For the record Zimbabwe fought hard in their innings, being bowled out just 32 runs short of the required target. Their efforts would not be forgotten, but, perhaps, lost in the tornado that visited Kent that day.

The unlikely all-rounder

With the quartet of great all-rounders, Ian Botham, Imran Khan, Kapil Dev and Richard Hadlee all playing, the 1983 World Cup threatened to produce some fine all-round performances. Yet, it was the unlikely figure of Abdul Qadir who had, perhaps, the best all-round display in the tournament, when he stood almost alone with both ball and bat against New Zealand at Edgbaston.

Bowling his leg spin with his customary wizardry, Qadir cast a spell over the New Zealanders, giving away less than two runs an over and taking four top order wickets. His astonishing analysis of 12 overs, 4 maidens, 4 wickets for just 21 runs remains one of his finest in a distinguished one-day international career. Then, with Pakistan facing defeat at 131 for 8, Qadir came in to bat and scored an unbeaten 41, running out of partners in his bid to see his team home. It was an extraordinary individual performance from a man normally considered just a bowler.

The hosts disappoint

With the advantage of playing at home, and having lost only one match in the group stage, England were expected to beat India and book their place in a second successive World Cup final. However, India had by now found a winning formula, which they used to great effect against the host nation. Using their medium pacers India strangled England’s batsmen, reducing the scoring rate and forcing mistakes.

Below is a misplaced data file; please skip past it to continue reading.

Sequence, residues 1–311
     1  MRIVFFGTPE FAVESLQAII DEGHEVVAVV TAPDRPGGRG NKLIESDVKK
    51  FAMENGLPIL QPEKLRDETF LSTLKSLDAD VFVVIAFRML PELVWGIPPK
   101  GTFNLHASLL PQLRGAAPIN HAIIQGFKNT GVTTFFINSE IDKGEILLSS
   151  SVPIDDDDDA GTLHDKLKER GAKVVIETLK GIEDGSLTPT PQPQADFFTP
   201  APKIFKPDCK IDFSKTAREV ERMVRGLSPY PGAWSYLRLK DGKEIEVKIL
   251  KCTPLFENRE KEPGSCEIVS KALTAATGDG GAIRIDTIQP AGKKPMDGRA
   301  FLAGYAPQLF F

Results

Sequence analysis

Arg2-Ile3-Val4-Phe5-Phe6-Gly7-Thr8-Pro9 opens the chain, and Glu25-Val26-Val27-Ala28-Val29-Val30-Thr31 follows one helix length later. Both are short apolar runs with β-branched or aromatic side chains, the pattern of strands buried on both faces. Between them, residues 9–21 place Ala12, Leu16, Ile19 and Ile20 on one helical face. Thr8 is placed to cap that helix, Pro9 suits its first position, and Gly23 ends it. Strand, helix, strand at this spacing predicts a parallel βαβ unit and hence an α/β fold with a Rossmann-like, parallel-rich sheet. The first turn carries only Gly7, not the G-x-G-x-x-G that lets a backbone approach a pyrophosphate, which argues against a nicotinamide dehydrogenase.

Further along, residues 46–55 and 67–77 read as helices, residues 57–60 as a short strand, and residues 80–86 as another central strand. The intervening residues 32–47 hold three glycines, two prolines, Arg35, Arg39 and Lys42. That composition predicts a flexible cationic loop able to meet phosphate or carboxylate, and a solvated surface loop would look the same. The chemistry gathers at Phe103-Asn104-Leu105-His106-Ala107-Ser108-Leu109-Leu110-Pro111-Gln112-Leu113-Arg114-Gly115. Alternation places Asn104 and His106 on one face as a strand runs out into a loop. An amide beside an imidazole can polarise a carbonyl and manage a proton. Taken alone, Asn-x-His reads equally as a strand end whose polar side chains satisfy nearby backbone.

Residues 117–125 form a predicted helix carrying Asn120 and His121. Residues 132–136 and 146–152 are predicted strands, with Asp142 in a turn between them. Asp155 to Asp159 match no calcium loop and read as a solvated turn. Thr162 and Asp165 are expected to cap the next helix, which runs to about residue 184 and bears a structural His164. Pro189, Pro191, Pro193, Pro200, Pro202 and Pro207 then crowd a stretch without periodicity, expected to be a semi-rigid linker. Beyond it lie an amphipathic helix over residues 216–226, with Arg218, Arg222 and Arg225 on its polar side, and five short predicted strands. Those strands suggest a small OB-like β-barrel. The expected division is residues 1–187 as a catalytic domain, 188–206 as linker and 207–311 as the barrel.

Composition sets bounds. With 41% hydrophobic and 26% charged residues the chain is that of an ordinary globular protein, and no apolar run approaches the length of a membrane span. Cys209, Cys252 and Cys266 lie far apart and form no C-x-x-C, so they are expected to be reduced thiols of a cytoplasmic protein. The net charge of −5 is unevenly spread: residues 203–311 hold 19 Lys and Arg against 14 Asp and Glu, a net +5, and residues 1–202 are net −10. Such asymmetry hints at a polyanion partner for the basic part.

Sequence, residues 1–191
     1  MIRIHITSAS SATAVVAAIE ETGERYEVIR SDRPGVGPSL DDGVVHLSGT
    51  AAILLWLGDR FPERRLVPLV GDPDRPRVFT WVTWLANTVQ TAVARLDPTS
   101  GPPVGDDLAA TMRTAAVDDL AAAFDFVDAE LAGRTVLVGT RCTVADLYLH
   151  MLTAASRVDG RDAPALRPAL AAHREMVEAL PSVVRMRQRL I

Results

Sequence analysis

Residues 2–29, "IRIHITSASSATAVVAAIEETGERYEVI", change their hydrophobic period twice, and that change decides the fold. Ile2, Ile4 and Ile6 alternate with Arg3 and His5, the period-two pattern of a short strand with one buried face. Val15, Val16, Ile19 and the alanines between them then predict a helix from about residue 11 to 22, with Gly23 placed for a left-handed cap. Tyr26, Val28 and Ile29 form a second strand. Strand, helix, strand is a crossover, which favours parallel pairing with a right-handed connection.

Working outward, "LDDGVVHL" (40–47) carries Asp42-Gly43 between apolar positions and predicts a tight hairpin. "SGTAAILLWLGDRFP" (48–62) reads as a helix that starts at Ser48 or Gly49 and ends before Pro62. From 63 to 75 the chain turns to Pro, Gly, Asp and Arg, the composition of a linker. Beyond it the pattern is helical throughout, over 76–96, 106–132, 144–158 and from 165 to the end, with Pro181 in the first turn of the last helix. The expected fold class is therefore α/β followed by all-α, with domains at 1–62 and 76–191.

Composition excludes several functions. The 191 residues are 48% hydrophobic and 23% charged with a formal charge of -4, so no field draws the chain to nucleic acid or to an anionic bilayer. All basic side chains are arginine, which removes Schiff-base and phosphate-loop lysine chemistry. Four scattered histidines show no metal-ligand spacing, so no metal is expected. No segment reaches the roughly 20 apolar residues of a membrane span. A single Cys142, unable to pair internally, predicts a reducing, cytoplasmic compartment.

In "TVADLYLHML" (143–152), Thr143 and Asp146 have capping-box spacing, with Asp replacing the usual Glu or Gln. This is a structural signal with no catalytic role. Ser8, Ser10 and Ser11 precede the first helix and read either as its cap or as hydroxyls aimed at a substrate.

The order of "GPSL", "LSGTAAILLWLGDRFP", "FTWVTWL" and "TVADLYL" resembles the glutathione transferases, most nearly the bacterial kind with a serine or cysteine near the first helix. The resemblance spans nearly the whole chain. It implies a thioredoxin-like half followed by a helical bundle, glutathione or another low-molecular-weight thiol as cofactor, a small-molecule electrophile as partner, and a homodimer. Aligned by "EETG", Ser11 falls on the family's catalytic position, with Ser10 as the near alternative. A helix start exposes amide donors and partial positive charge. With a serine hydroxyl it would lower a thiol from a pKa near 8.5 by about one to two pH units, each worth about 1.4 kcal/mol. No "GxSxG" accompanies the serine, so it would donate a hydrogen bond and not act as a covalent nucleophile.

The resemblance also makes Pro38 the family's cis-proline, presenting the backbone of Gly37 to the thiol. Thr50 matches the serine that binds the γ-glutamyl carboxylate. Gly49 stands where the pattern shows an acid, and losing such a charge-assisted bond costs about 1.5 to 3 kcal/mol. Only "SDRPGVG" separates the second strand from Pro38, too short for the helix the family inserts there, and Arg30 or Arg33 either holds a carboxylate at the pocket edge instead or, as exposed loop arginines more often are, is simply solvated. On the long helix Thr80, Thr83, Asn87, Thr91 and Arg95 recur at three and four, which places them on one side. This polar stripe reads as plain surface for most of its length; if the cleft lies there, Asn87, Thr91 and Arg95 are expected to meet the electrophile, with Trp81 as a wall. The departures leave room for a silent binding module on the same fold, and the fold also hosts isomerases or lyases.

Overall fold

With their opponents on the rack Kapil Dev, the Indian captain, brought himself on at the death to further reduce the run rate and finish off the tail. The tactics worked very well and England struggled to an under par 216 all out off their 60 overs. In reply India started slowly, building a good foundation before the middle order saw them home. They only lost 4 wickets in the run chase and surpassed England’s total with 5.2 overs to spare. None of England’s much vaunted bowlers could do anything about it and the hosts could only look on with disappointment as India progressed to their first World Cup final.

A one-sided affair